Laura Davidson The images are screenshots taken from the 9/11 10 year anniversary event in New York. The Michael Arad designed memorial was opened for the first time, allowing those who lost a loved one a chance of remembrance. A sporadic urge came over the crowds of people, still united in a quiet grief, to take their hands and touch the names of those they hold closest in memory. What happened next seemed like a surreal, yet touching, Avant Garde happening. Whatever they had to draw or write with they pulled from pockets and bags. The act of retracing a name on to the commemorative program brought them closer to someone whose only physical presence on this earth resides in a carving in Lower Manhattan. It was not contrived, pre planned or political, the mere act of drawing in someway, the technique of frottage, gave a memorial greater than anything designed and commissioned by a central committee wary of politics and planning permissions. Around the world for the first time in almost a decade, a subtle unscripted collective gesture was replayed on our screens. Laura Davidson is a member of TBC Artists’ Collective and a regular 12-Pages contributor and editor. More of her work can be viewed at lauraelizabethdavidson.com Davidson is the editor of this issue.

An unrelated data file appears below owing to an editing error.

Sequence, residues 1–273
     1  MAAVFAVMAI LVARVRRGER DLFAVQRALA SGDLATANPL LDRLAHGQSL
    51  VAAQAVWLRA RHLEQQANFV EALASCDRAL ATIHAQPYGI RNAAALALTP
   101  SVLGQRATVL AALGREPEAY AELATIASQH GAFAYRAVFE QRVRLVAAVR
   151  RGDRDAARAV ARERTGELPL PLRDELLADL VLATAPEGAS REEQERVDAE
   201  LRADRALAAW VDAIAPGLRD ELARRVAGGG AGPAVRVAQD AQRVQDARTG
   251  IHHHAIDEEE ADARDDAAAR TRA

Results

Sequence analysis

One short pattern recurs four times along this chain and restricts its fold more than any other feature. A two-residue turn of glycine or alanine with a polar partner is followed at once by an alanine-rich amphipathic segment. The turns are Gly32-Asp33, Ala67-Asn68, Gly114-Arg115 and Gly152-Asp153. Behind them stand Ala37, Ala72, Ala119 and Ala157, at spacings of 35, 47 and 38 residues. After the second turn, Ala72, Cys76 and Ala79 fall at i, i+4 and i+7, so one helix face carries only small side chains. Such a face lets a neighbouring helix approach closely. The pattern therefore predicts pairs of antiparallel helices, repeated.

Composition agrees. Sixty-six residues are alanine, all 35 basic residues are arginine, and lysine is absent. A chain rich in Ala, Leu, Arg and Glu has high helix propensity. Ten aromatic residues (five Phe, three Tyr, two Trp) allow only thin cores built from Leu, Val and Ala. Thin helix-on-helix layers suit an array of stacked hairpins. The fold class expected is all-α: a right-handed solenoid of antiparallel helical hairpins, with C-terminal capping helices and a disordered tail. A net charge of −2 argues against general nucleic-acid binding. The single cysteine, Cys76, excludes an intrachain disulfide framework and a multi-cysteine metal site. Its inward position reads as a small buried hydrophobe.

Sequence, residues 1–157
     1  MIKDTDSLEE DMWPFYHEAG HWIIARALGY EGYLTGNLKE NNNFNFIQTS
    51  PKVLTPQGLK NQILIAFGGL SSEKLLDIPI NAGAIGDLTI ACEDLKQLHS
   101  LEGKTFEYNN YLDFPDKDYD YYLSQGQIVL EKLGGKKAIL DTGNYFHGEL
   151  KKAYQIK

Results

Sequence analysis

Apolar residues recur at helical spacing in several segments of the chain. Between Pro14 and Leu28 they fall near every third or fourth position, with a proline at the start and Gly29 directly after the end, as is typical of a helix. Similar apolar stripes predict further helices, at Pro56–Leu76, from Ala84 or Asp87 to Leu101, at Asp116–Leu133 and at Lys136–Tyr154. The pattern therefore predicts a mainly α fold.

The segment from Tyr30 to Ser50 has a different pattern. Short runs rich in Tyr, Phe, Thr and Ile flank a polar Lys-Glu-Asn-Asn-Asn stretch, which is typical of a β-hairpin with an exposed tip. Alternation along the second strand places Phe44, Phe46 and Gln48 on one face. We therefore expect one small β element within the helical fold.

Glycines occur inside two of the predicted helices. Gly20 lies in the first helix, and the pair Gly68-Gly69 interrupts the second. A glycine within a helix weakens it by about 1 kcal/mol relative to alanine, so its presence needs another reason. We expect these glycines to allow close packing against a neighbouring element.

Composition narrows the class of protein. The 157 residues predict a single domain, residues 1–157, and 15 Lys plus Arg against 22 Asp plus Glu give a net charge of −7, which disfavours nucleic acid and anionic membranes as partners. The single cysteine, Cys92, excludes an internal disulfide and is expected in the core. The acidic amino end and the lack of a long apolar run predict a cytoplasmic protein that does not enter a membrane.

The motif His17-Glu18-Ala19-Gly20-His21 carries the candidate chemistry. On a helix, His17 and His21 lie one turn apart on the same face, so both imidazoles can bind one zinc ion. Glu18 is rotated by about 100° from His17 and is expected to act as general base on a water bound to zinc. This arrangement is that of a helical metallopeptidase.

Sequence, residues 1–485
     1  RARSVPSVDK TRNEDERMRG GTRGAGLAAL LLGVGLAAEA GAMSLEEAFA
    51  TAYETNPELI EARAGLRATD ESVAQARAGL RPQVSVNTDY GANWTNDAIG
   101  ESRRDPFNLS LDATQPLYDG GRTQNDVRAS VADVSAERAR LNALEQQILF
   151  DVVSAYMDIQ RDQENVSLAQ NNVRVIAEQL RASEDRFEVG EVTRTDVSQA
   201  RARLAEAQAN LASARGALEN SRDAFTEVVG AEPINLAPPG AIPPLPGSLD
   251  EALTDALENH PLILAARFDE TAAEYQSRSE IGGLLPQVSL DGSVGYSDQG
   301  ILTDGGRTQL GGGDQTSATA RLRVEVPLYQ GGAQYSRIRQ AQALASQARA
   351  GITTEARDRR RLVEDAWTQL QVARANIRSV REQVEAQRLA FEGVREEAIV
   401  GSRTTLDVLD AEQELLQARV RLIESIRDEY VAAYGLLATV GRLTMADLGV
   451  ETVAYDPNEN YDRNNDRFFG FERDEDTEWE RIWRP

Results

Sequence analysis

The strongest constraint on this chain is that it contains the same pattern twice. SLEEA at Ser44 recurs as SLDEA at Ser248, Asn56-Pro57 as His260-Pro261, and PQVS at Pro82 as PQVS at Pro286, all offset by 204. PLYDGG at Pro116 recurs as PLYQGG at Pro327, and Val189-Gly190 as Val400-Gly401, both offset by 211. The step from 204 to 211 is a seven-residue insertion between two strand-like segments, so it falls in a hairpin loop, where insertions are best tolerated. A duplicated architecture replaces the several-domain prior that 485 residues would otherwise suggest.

BEVERLEY BENNETT


CHARLEY PETERS


GUDRUN FILIPSKA


L AURA DAVIDSON


12-Pages Issue 9: Terror  

The ninth issue of 12-Pages explores the far reaching context of terror in relation to contemporary drawing practice. Responses to ‘Terror’...